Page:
Now, let us revisit the scenario of Mr. Seedha Pakistani. The authority letter, which was presented in the court by Advocate Badnam-e-Zamana would not have been generated in the first place. Similarly, there would be no more fake power of attorneys; no more fake guarantors for bail. People like Bao Badmash will not be able to take advantage of others, no matter how seedha (or simple-minded) one is. More importantly, this regime will act as a building block for all e-Services including e-FIR, electronic case filing in courts, e-Payments, e-Voting, e-Office, e-Signatures, and many more.

For services like the disbursement of pensions to the retired civil servants, teachers, and judges, banks require the beneficiaries to be physically present with horribly long waiting-queues at the time of receiving their rightful pensions. This is not how we would like our elderly to be treated. Similarly, for services wherein change in Government Records is required, like transfer of properties and wealth, marriages, divorces, etc., the physical presence of the initiator and/or beneficiary is needed in front of a state functionary. This is called Proof-of-Life. The good news is that we can get this required Proof-of-Life with our National Digital Authentication app without any need for physical presence. For this, we could either use the latest digital face recognition techniques or do a digital voice match, with voice samples stored against each digital ID. In the latter case, beneficiaries may be asked to speak out the randomly generated OTP digits that he/she sees on the screen. Matching these latest voice samples with already stored ones is going to give us a digital Proof-of-Life, which will be more reliable than the corruptible physical one.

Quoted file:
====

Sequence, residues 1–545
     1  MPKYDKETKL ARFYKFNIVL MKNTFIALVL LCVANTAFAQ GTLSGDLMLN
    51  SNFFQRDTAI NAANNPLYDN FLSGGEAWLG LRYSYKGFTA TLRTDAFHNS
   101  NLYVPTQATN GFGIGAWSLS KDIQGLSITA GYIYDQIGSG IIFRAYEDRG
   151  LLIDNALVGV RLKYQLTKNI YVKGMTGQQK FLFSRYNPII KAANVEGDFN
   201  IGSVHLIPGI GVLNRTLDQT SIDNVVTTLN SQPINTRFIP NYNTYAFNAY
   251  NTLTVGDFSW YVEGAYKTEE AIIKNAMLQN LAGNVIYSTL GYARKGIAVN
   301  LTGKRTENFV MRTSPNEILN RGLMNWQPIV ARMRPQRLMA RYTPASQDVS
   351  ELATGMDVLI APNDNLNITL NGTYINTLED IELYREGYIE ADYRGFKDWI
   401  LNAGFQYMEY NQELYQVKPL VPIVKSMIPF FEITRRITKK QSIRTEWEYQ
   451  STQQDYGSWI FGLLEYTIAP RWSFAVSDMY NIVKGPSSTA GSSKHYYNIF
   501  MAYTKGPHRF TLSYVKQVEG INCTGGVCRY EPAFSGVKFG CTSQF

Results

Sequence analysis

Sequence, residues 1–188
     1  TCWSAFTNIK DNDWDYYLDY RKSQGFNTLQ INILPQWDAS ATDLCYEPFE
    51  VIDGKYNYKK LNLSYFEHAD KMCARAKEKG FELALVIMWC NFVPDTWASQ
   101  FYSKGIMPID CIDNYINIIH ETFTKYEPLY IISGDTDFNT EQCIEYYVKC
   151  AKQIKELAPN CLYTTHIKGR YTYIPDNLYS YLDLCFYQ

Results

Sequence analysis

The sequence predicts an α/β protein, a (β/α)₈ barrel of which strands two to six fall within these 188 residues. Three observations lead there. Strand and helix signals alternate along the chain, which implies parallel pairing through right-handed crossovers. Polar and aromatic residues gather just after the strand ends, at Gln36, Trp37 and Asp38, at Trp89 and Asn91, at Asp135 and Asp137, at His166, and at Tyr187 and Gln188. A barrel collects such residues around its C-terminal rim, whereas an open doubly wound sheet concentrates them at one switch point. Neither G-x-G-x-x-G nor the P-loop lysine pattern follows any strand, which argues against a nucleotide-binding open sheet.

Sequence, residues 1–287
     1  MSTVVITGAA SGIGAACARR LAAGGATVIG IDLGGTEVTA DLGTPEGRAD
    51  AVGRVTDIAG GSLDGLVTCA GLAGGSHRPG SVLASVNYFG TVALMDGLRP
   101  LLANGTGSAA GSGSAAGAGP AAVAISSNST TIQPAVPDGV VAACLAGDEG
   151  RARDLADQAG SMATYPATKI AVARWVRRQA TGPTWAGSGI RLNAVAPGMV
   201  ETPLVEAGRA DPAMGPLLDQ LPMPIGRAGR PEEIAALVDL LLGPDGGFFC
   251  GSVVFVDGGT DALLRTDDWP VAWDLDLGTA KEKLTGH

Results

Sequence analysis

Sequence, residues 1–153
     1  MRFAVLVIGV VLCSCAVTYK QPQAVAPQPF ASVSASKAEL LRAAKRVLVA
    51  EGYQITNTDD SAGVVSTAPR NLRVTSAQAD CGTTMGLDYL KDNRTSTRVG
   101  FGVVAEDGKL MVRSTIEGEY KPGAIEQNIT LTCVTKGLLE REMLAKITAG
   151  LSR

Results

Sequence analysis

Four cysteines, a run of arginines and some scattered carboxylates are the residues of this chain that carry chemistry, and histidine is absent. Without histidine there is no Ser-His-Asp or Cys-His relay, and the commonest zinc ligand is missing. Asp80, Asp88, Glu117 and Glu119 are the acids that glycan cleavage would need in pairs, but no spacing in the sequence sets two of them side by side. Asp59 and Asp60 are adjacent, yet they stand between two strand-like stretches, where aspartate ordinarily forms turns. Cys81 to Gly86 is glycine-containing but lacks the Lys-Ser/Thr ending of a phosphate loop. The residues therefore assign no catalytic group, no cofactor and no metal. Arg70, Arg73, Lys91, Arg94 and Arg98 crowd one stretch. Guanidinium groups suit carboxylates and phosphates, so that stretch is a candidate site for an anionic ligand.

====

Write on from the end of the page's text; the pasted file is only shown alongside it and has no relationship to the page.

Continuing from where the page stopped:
This new digital authentication regime will not only address the impersonation issue but will also act as a foundation for a paperless, cashless, and presence-less regime, wherein the frontend bureaucracy will have absolutely no physical interaction with citizens for any transaction or delivery of service. This will not only spell out a doomsday script for the rent-seekers but will allow for a friendlier and easier interaction among the citizens and the government.

 

The writer is a member Prime Minister of Pakistan’s Task Force on Austerity & Restructuring Government and General Manager, Punjab Information Technology Board, Government of Punjab (Pakistan)